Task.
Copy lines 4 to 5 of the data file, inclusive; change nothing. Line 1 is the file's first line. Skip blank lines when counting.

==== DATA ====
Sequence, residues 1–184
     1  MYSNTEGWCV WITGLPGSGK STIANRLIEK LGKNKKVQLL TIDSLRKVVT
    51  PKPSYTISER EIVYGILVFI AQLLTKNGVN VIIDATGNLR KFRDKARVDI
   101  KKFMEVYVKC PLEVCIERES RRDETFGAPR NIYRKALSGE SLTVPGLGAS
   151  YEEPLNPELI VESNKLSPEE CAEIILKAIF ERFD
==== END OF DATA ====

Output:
   101  KKFMEVYVKC PLEVCIERES RRDETFGAPR NIYRKALSGE SLTVPGLGAS
   151  YEEPLNPELI VESNKLSPEE CAEIILKAIF ERFD